additional syndromes and lot's of hits on my site.

However, my real interest is the same as yours: what do we do
when
faced with most or all of these cultural traits?
I like your list of factors of success and I have to some extent
respected these. I have another question: does these factors
assume
a willingness from the top-executive crowd to change the culture?
Isn't this the biggest challenge of all: having the Board on your
side? Or, are there known case studies where a K-sharing culture
was achieved without top-management involvement until late in the
process?

Peter

--- In sikmleaders@yahoogroups.com, "Matthew Moore"
<matthew.moore@> wrote:
>
> Hi,
>
> I have asked to come up with a position around "improving
knowledge sharing" and "creating a knowledge sharing culture".
>
> And yes, that is a very general request.
>
> What are the best frameworks that you have encountered / used /
created for explaining this area?
>
> Some of the key challenges might be:
> - Time: Focus on achieving short-term objectives rather than
longer term goals around upskilling/learning.
> - Space: People in different cities/countries/timezones.
> - Compensation: Focused on individual performance.
> - Technology: Lack of tools/infrastructure for collaboration.
> - Silo Structures: Organisational groups that do not
communicate/collaborate.
> - Lack of Trust: Other internal groups/individuals perceived as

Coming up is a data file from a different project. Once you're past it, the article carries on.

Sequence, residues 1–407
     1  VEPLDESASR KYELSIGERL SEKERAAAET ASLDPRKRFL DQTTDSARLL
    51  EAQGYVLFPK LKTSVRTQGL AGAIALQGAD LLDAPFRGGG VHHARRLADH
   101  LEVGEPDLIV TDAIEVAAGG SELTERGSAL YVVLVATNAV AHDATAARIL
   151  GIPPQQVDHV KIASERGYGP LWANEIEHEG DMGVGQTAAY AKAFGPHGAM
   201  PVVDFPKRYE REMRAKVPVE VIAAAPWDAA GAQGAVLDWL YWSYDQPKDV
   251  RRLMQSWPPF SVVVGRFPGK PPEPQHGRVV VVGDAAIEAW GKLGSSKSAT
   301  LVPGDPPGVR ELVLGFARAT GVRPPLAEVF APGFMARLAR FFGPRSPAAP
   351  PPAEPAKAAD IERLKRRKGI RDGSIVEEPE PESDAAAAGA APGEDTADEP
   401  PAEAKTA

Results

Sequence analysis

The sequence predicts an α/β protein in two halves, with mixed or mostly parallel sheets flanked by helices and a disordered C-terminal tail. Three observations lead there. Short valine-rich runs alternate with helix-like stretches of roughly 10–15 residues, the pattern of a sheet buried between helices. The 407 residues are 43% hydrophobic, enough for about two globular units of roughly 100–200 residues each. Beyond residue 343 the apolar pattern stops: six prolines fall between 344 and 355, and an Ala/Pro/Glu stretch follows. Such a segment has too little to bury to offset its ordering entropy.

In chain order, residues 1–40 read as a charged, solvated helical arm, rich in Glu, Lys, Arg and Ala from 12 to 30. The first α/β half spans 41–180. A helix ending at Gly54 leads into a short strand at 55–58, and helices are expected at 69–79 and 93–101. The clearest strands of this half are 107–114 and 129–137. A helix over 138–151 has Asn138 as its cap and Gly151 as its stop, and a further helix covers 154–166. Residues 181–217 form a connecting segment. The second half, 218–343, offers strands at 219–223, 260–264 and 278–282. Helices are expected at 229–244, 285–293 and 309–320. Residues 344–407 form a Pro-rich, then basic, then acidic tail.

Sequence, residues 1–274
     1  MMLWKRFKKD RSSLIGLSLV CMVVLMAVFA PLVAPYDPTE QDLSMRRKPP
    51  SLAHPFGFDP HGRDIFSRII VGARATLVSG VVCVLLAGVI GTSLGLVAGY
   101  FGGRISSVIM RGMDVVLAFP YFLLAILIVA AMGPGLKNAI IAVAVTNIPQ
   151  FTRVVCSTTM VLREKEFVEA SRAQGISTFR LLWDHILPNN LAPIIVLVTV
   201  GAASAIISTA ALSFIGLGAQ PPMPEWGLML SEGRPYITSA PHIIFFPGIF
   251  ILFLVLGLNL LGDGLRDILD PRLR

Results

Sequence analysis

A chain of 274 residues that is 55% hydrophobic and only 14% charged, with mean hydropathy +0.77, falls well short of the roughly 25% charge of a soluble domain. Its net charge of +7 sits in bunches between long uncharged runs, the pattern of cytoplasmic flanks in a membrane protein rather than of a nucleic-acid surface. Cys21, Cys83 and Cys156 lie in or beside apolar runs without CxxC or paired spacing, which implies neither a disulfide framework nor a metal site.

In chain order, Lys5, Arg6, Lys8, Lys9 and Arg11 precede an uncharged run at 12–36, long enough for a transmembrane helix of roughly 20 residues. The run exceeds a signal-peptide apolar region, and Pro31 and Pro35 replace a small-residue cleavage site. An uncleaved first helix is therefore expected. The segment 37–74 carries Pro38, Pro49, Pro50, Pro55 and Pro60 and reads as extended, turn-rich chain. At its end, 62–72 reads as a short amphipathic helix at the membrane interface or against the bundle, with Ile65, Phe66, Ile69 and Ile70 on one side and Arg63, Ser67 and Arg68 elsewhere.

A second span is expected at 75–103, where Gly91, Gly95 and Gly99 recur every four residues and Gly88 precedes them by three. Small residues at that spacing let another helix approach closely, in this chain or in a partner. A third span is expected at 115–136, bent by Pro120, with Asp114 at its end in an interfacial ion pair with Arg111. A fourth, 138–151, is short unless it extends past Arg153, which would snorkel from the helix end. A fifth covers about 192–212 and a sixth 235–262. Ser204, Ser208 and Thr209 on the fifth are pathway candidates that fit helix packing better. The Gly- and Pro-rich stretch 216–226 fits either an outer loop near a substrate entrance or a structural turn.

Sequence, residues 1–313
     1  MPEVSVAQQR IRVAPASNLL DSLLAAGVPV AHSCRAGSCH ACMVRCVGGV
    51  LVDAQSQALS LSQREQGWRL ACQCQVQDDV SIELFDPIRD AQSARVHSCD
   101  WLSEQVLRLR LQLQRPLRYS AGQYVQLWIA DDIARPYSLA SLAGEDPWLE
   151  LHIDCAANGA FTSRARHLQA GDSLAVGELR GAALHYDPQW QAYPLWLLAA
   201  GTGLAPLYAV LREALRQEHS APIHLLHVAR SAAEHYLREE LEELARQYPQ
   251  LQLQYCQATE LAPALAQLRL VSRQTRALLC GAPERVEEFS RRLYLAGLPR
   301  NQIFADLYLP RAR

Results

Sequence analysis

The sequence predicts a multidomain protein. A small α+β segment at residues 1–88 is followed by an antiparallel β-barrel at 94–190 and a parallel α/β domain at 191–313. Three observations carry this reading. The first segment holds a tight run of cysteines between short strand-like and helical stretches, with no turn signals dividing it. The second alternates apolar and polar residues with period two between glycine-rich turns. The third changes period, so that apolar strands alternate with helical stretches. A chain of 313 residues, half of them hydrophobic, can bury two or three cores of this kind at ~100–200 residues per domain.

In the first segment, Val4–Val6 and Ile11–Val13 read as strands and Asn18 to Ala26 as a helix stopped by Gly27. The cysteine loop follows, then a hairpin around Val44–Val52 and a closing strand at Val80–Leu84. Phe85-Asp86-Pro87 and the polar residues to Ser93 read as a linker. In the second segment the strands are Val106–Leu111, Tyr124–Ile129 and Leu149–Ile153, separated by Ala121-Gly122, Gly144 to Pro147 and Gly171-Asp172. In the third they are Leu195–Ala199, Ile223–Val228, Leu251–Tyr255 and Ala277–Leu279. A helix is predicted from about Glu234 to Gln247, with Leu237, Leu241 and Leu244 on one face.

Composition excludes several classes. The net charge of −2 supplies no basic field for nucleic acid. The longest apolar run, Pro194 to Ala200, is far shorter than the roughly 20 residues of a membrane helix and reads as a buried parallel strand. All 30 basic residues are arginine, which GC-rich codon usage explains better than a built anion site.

untrustworthy or competitive
> - Power: Particular information or skills perceived as a
personal
differentiator. Sharing dilutes this power.
> - Lack of Availability/Awareness: People are not aware that
particular knowledge that is useful to them exists elsewhere in
the
organisation.
> - Pride: "Not invented here" syndrome.
>
> N.B. These are not mutually exclusive but are often related to
each other.
>
> In my experience the following factors are key:
>
> - Focus on specific areas of collaboration & improvement with
identified groups rather than generalised "sharing".
> - Demonstrate the individual & collective value of these
sharing
efforts.
> - Publically reward examples of sharing (rewards not
necessarily
financial).
> - Ritualising the sharing of experience/lessons/knowledge in
dedicated sessions .
> - Role-models. Senior people have to share their experience.
>
> So what have others found?
>
> Cheers,
>
> Matt
>